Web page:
Remember all this horror and knowledge come to us from a dreamer at a great height. His exhausting vision, foretold or relived, takes place while he sleeps where he’s chosen to sleep. Indeed, where he’s earned some healthy rest following his mountain crossing. Whatever the Green Mountain is, it’s a place where any past battlefields have been healed over. From a mountaintop we may safely see the story of the old grey world: what nature and what humankind have built and dug and ruined and repaired. On a mountaintop the singer is safely remote from whatever the present moment brings to or demands from the lives below. Although he’s alone and unprotected from the shades gathered in the mountain air visiting him in a monstrous dream, he is also protected from the mortal living and dying of these events.
The song’s soundscape is smooth and patient. It’s breath-like. The 24 verses are all 4 lines of 4, 5, or 6 syllables. Each verse has the same rhyme scheme of ABCB. While we parse the images of blood and death and loss, and contemplate the meditations on sin and truth and virtue, the vocals and music rise and fall with an enchanting dolor.
‘Cross the Green Mt is a war song for a man too old to fight. He sleeps on a momentarily still fault line. The factual havoc and suffering of the past visit him–inspire him–and he breathes out an ordered artful vision. That ends with a reflection on unspoken but still true fellowship–“we loved each other more than we ever dared to tell.” Something like “I saw that his face looked just like mine.”
I don’t know that I’ve learned anything about the Civil War from these songs. I’ve learned what it is for Civil War songwriting to age in Bob Dylan. I think I believe that history is only the factual havoc of the past aging in the thoughts and acts of succeeding generations. I think Prof Wilentz would call that glib.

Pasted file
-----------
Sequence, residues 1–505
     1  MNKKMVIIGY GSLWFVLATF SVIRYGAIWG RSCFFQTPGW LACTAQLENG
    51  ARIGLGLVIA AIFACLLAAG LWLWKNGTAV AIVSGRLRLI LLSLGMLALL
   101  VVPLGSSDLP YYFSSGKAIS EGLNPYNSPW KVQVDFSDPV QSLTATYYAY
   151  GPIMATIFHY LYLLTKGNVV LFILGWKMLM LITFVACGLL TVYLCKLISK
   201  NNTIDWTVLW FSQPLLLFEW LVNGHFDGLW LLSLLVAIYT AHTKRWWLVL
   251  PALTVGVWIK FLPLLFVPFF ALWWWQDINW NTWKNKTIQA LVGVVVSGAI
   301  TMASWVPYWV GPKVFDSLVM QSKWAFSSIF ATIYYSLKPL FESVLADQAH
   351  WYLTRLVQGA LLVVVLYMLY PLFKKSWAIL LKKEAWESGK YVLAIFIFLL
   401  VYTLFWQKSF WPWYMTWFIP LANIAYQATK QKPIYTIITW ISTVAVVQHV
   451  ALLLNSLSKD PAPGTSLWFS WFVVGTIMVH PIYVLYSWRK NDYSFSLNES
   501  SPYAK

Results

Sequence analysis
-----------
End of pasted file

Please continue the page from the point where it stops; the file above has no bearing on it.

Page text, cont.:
I think I could end any talk on Dylan with Eternal Circle so here I go. This 1963 song is so charming, and a manifesto to boot. It enacts the law of concentric circles that must ensnare song, singer, and listener in every single performance. In The Eternal Circle, we learn how it is to be the singer, without ever hearing the song he is singing. Images of vision and not hearing dominate the eternal circle. He sees, he is seen, things happen outside the song, and he remains captive to the melody and the story that he performs. He has to sing the song he’s not singing to us, because it’s long and a singer is bound to the song he’s singing. There’s the girl, he sees her and she’s the one at the moment. She’s there because he’s singing. He’s singing the song we can’t hear to her. Time is controlled and clear and neither here nor there
The song tells him when he may rejoin the world–when he’s done singing it. Meanwhile he can see the world listening to him and going on without him. As listeners we pass both our time and the singer’s time, and the singer also passes his own time and the song’s time.
The trick in Eternal Circle is that for once we are as close to Bob Dylan as we ever wanted. It’s the Holy Grail–we know his thoughts as he sings. We get the secret self his audience may not have because they are only hearing the song. Which we can never hear. There’s a way that song is the only art form that serves up time for real–ungraspable, repeatable, ungraspable, rhythmic, ungraspable, mesmerizing, ungraspable.
The old man closes his eyes, sleeps and dreams his song.
The song passes our time and the song passes the singer’s time.